While it is well established that DNA damage can increase the risk of cancer, changes to the epigenome or the chromatin architecture are equally important. DNA damage triggers a redistribution of DNA-binding proteins around the site of damage, resulting in localized and temporary alteration of chromatin structure. However, repeated cycles of DNA damage and repair may lead to permanent changes in the epigenome, thereby promoting the onset of diseases such as cancer. This webinar will examine how we may be able to develop effective new therapeutic options for cancer treatment by targeting proteins responsible for chromatin modifications.
It is notable that the same pathways governing the cell growth, death, and differentiation decisions made during embryonic development are also common drivers of adult malignancy. In this webinar, we will explore the idea that a better understanding of developmental biology signaling pathways will advance our understanding of adult tumors and cancer stem cells as well as boost our ability to create effective therapeutics to fight a broad array of cancers.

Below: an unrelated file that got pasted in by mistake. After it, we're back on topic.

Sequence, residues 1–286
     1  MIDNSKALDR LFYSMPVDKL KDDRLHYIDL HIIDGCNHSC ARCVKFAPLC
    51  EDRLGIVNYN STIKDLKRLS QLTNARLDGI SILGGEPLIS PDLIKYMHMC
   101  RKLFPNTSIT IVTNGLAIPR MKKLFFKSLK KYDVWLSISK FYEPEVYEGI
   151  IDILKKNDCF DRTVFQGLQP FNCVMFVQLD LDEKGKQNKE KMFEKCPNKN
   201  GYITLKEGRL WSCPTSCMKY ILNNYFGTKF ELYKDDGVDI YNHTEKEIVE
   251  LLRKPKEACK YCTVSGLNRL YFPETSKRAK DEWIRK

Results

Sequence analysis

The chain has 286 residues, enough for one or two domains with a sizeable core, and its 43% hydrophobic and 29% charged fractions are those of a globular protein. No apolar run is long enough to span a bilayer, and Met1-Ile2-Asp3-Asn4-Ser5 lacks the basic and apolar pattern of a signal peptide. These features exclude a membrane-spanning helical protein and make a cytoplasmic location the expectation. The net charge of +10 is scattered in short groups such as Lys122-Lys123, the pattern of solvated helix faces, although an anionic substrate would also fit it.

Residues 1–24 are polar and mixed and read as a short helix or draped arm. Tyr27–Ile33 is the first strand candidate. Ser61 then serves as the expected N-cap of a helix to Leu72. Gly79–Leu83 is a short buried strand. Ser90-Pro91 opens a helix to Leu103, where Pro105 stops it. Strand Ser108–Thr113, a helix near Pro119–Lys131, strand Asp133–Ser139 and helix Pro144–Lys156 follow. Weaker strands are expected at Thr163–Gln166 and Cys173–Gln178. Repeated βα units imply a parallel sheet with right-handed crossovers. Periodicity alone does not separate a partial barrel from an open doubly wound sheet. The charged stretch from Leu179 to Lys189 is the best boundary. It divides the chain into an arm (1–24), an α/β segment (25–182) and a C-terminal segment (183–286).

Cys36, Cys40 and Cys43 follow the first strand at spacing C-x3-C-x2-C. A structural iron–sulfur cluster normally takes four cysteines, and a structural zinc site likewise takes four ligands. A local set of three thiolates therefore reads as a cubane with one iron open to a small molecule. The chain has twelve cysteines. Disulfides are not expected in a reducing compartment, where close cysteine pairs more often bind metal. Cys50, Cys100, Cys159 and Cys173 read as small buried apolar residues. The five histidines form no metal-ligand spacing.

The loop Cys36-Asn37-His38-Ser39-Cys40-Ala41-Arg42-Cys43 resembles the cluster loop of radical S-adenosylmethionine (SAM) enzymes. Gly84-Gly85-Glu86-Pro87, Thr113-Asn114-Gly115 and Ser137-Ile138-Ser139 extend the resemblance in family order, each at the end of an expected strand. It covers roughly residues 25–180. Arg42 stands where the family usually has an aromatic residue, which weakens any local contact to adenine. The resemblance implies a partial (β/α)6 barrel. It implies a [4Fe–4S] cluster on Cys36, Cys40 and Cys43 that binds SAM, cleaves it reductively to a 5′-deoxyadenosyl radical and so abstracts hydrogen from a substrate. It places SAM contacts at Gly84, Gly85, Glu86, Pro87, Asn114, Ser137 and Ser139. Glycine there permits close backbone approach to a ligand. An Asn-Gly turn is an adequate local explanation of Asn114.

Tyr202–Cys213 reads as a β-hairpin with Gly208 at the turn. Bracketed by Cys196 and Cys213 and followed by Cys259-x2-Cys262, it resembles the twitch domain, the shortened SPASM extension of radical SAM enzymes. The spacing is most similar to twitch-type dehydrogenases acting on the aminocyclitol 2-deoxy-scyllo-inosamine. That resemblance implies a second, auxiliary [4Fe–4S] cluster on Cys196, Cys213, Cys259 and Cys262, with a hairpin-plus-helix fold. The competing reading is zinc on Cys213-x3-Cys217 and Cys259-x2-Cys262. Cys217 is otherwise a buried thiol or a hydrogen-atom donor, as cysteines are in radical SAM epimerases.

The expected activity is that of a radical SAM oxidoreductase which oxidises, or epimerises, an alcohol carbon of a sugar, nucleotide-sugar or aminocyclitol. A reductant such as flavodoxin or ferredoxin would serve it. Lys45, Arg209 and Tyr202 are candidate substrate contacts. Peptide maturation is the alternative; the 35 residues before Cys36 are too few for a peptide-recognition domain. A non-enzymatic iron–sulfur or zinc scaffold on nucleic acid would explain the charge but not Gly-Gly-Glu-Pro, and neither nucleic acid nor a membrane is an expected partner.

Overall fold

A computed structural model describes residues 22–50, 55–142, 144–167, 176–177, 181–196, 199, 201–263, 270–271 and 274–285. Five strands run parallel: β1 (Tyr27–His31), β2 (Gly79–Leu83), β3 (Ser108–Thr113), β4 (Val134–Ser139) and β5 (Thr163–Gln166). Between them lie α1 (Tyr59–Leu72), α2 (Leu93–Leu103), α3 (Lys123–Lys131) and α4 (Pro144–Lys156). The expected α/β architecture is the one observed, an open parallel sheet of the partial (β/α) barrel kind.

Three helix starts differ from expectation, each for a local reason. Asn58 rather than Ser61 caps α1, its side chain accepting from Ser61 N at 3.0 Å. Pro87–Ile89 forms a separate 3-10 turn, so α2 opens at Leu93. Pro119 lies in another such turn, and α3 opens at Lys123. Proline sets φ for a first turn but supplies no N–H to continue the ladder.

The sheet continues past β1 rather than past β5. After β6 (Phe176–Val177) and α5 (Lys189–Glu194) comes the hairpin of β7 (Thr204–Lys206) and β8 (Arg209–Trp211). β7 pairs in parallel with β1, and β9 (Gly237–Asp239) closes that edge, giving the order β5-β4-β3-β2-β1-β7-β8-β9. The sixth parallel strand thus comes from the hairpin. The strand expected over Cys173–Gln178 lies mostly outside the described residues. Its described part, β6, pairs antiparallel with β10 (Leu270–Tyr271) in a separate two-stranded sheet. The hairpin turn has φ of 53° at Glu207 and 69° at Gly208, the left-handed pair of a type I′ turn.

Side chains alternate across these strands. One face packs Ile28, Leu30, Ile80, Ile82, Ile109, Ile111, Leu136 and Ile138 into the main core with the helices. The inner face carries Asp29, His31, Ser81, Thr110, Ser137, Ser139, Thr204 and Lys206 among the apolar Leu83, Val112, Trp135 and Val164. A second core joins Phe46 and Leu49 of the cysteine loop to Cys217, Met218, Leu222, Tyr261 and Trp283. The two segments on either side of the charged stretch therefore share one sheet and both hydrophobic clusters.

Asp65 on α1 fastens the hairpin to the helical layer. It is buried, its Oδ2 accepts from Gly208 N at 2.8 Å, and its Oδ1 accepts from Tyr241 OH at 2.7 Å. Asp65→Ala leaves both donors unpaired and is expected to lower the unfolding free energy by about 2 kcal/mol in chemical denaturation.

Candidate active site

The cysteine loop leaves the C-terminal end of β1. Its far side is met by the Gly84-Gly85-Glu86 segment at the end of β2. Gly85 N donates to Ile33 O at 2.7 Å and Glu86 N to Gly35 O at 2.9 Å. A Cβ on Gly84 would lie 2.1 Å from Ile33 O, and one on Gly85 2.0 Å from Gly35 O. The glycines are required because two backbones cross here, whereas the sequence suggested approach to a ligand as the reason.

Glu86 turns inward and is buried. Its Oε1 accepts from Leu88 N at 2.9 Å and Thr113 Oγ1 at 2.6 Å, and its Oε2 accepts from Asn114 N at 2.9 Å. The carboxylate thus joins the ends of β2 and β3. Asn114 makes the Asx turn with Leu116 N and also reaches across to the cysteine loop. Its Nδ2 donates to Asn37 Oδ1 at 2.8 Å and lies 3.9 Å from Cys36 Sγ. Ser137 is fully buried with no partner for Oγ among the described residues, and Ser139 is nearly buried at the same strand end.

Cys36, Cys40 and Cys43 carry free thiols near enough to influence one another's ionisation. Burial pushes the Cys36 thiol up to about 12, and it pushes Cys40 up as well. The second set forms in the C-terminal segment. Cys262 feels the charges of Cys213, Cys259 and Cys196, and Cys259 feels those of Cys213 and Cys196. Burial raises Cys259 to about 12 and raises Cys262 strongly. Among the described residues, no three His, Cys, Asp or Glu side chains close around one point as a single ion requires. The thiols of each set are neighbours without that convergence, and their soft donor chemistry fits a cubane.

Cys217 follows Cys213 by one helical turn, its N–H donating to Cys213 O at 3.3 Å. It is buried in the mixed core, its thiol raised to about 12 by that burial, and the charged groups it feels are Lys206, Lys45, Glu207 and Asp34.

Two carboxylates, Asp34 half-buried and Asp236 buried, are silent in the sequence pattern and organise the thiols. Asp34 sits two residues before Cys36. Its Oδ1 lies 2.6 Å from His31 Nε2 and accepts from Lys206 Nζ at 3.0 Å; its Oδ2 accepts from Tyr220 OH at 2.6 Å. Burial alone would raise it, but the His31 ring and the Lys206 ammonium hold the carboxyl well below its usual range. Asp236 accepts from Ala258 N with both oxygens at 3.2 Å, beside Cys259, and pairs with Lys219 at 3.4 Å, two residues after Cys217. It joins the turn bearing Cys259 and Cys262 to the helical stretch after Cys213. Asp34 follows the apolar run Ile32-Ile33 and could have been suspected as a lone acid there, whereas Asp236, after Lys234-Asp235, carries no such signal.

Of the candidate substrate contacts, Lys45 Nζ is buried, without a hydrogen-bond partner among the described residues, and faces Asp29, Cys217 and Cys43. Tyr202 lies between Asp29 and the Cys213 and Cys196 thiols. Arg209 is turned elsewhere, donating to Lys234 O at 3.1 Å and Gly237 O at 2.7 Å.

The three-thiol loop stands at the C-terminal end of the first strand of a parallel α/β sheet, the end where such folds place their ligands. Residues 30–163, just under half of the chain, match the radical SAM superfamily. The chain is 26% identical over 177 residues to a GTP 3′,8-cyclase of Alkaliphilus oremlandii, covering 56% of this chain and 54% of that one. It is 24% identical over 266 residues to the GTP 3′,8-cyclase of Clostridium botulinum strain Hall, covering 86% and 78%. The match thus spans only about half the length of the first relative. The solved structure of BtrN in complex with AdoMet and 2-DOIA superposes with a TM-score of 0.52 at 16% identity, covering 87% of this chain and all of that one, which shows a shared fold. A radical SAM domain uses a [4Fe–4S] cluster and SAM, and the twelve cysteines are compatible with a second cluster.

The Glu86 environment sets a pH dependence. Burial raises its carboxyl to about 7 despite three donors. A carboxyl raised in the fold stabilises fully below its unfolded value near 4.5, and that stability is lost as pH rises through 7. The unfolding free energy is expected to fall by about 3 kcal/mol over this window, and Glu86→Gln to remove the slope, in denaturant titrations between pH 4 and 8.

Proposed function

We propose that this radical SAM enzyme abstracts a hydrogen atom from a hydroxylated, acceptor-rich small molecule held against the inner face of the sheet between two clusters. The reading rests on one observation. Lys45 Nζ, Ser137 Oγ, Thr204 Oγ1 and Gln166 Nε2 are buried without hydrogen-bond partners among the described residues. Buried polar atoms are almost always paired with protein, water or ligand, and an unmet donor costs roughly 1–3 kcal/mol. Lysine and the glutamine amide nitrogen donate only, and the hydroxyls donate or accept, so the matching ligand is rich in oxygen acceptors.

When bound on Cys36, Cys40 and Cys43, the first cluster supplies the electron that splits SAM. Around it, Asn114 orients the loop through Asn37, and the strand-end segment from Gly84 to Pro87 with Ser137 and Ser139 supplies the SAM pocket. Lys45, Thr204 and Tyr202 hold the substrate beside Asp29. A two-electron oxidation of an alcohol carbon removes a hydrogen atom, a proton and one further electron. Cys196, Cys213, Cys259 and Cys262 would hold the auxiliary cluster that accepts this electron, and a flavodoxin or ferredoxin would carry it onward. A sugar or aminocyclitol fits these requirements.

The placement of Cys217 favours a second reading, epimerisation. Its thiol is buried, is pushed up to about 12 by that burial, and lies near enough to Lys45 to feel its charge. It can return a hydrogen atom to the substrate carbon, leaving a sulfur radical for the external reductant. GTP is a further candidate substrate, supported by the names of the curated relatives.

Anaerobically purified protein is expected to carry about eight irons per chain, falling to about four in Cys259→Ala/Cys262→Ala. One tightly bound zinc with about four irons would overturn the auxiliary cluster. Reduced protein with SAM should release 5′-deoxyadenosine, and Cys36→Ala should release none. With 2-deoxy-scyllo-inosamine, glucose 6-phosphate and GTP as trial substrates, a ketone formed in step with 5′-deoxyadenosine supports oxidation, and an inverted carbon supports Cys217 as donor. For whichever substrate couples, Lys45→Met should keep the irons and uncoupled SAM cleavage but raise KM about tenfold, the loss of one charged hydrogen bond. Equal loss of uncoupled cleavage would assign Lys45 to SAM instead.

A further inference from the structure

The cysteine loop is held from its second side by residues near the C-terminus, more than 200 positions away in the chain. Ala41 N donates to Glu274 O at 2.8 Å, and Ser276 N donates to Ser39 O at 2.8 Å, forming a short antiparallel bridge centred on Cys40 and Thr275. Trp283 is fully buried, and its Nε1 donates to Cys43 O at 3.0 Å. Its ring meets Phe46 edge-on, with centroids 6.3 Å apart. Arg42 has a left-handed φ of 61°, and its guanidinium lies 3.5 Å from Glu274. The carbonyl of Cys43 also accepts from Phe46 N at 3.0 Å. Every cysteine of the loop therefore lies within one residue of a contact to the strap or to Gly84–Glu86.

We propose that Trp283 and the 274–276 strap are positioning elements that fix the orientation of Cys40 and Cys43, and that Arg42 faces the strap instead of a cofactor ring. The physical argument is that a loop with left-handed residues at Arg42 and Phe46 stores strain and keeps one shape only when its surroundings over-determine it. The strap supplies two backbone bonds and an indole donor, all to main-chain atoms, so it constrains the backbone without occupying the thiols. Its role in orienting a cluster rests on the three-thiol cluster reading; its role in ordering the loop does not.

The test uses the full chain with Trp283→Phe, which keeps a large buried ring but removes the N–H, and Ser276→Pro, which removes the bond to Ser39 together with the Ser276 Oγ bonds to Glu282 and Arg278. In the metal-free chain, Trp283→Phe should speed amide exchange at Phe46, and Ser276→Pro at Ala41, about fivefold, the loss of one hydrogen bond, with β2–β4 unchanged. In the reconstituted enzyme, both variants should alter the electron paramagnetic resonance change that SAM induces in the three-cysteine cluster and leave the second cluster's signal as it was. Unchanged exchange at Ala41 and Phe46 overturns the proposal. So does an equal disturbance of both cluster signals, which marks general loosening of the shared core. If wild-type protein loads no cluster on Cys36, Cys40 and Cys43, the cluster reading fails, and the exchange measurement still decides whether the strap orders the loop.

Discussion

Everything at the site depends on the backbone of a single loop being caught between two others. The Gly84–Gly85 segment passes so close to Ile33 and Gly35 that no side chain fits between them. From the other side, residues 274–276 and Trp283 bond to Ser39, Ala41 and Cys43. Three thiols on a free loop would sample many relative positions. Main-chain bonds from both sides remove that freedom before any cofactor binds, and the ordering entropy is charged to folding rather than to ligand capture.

Webinar - BioPlex: a protein interaction network created from thousands of protein immunopurifications
BioPlex: a protein interaction network created from thousands of protein immunopurifications
Steven Gygi, Ph.D
Professor in the Department of Cell Biology, Harvard Medical School
Protein-protein interactions form a network whose structure drives cellular function and whose organization informs all biological inquiry. Using high-throughput affinity-purification mass spectrometry, we identify interacting partners for 2,594 human proteins in HEK293T cells. The resulting network (BioPlex) contains...
Antibody Validation Roundtable: Specificity + Sensitivity + Reproducibility = Validation
Concerns about the use of incorrectly or insufficiently characterized antibodies in biomedical research have been raised by recent reports of nonreproducible research studies. Non-reproducible research studies have resulted in loss of time, resources, and scientific reputation, with publication retractions occurring in certain cases.
Cell Signaling Technology is proud to partner with the Koch Institute at MIT, Science, and Science Signaling to present the Targeting Cancer Pathways webinar series. These webinars will bring together thought leaders from around the world to share current findings and further cancer research community collaboration.